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This Napan takes to the hills. It's fungi season
On the Hunt

This Napan takes to the hills. It's fungi season


Gordon Walker’s Instagram handle says it all: he’s @FascinatedByFungi

Walker, a transplanted Napan by way of Massachusetts, is really into mushrooms. If he could, he’d hike for mushrooms every day, spending hours searching and identifying the many, many varieties of the fungi.

“I’d like to be the Bill Nye of mushrooms,” he said, referring to TV personality Bill Nye the Science Guy. “My goal is to educate people and get people excited about mushrooms.”

Walker said he especially loves the varied colors and textures of mushrooms. Mushroom spotting “can be super therapeutic. It’s kind of like an adult Easter egg hunt.”

“Mushrooms are endlessly fascinating because of the variety they can add to a hike or being outside,” said Walker.

“I love seeing the colors and textures — nature is its own greatest artist.”

Walker said he’s been interested in mushrooms since he was a kid. He reminisced about the time he found a huge Puffball mushroom as a child. Later he joined a mycological society – a group that studies and appreciates fungi. He and his father also grew sulphur shelf or chicken of the woods mushrooms in their own yard.

He’s not just an amateur. After moving to California, Walker attended grad school at UC Davis where he earned a Ph.D. in biochemistry, molecular biology and cellular and developmental biology.

His mushroom love really took off during a trip to New Zealand where the mushroom viewing was exceptional, recalled Walker. “I was curious about what I was finding.”

In 2018, the biochemist started taking photos and posting them on Instagram. Before long, Walker had 10,000 followers.

Walker does more than just post photos. He also researches the names of the mushrooms he’s found, and posts that information along with the images. He’s big on mushroom education. People are often misinformed about the fungi, said Walker. “I’m trying to give people some context” so they better understand mushrooms.

Walker said there’s a common question he gets when he tells people about his mushroom hobby: “Did you know those can kill you?”

“Yeah, I do,” he said. “I would never eat anything that I cannot 100 percent identify.”

Mushrooms can be a source of protein and vitamins, but at the same time, that doesn’t mean people should blindly take mushroom supplements or drink mushroom teas.

“It’s important to understand what you are putting in your body,” Walker said. Be sure of where mushrooms come from and how they are grown. And mushrooms can be powerful. “There are some supplements that can really screw you up,” he warned.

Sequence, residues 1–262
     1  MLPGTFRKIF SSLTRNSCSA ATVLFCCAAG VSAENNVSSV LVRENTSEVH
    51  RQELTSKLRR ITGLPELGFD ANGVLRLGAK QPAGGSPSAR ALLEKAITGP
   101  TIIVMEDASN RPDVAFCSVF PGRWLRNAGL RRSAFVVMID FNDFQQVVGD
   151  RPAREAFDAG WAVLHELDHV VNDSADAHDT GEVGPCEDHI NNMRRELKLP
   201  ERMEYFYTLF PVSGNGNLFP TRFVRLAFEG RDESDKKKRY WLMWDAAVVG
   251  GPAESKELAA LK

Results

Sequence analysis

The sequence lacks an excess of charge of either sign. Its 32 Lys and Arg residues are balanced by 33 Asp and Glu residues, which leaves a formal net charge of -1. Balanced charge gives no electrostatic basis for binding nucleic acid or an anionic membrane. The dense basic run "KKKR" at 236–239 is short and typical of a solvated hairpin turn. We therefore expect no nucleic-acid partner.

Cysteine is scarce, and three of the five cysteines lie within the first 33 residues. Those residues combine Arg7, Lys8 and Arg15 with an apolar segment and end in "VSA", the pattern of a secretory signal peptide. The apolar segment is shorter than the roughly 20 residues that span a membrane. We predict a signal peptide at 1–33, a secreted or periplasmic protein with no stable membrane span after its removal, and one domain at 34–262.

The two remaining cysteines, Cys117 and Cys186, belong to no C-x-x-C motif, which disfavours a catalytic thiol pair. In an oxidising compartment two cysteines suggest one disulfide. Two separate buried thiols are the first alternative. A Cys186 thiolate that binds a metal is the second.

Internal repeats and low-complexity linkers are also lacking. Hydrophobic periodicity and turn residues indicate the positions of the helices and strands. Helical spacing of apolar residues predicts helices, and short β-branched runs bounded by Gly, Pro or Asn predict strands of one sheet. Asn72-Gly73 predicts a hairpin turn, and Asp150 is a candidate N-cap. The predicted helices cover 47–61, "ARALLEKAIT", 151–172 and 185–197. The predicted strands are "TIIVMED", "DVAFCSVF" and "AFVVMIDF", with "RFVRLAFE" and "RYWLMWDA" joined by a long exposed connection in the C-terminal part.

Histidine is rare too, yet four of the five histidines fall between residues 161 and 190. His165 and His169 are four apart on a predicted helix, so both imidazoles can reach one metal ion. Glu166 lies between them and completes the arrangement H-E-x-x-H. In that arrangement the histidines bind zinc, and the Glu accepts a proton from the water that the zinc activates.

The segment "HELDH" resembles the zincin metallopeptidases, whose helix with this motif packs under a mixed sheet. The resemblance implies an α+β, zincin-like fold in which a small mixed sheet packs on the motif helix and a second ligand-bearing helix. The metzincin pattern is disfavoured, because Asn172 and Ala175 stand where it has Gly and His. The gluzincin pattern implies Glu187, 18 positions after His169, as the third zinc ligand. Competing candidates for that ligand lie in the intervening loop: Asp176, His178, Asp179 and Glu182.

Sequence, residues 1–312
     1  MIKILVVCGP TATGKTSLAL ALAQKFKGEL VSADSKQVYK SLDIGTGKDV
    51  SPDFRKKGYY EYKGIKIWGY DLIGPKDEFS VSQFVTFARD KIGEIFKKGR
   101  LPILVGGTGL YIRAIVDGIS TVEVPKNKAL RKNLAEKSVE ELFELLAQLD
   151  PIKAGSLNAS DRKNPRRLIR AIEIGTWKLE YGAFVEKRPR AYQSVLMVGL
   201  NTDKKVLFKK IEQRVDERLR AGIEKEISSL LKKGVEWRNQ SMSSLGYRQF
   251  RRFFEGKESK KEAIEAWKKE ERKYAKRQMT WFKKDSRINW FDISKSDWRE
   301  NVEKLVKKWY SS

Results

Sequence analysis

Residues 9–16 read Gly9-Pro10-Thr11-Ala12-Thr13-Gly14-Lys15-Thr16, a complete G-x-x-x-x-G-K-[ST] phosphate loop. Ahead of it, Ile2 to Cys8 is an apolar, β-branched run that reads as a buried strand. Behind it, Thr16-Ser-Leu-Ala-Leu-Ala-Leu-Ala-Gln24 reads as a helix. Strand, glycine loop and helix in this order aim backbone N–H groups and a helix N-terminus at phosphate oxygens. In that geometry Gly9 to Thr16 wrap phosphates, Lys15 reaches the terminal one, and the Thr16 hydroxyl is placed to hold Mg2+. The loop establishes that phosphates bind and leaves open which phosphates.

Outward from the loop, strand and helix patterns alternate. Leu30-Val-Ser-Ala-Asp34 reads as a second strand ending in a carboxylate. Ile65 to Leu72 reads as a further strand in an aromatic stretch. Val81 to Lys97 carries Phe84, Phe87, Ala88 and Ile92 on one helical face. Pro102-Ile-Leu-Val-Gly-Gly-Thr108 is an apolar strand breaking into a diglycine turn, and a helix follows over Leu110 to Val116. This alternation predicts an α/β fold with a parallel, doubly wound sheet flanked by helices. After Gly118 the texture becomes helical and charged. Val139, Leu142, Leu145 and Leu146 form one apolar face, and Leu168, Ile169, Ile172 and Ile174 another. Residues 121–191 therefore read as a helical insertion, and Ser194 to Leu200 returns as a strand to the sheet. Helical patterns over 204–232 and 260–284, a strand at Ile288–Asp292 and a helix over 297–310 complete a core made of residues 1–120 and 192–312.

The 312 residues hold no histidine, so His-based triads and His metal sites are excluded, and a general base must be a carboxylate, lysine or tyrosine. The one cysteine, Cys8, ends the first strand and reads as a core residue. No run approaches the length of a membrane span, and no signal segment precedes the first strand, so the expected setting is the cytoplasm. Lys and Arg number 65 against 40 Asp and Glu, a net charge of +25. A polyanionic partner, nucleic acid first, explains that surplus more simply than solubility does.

Walker also doesn’t want people to overrun areas known for harboring mushrooms. Some like to forage and collect specimens and eat or sell “high-value edible mushrooms” like chanterelle or porcini. Walker doesn’t hunt mushrooms to sell, he noted. “I’m just a hobbyist.”

By posting on social media and talking about mushrooms, “I’m trying to help people approach mushrooms with a mindful disposition,” said Walker.

How much time does the budding naturalist spend per week looking for and admiring mushrooms?

“As much time as I can,” the biochemist said. “I try to hike every day.”

When asked about his favorite spots for mushroom viewing, Walker had an easy answer: “Wherever I am.”

Mushroom season typically runs from about October to March, said Walker. Wooded areas are best, but mushrooms can be found everywhere, he pointed out.

On a recent walk at a Napa park, Walker pointed out a number of local mushroom varieties including blewit, coral tooth fungi and a “waxy cap” kind of mushroom.

He also pointed out other organisms such as a “slime mold” growing on one tree trunk. A slime mold looks like a fungus but is technically an amoeba-like creature.

Upon spotting a spread of a certain slime mold, Walker eagerly crouched down to take a close-up photo of it and was delighted to discover “sporangia” or spore-bearing fruiting bodies descending and getting ready to turn brown and disperse their spores. The sporangia look like tiny yellow globules suspended on white thread-like strings.

“You can spend an hour on one log,” he said.

Finding a spare hour can be tricky for this Napan. He currently works in technical sales for a bio processing equipment company. Walker also plans to return to UC Davis as a post-doctoral scholar.

Unfortunately, Davis is not an ideal place to look for mushrooms, Walker said — there are not enough wooded areas or cool, moist places.

“Fortunately I live in Napa with lots of oak chaparral woodlands!”

You can reach reporter Jennifer Huffman at 256-2218 or

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Business Editor

Jennifer Huffman is the business editor and a general assignment reporter for the Napa Valley Register. I cover a wide variety of topics for the newspaper. I've been with the Register since 2005.

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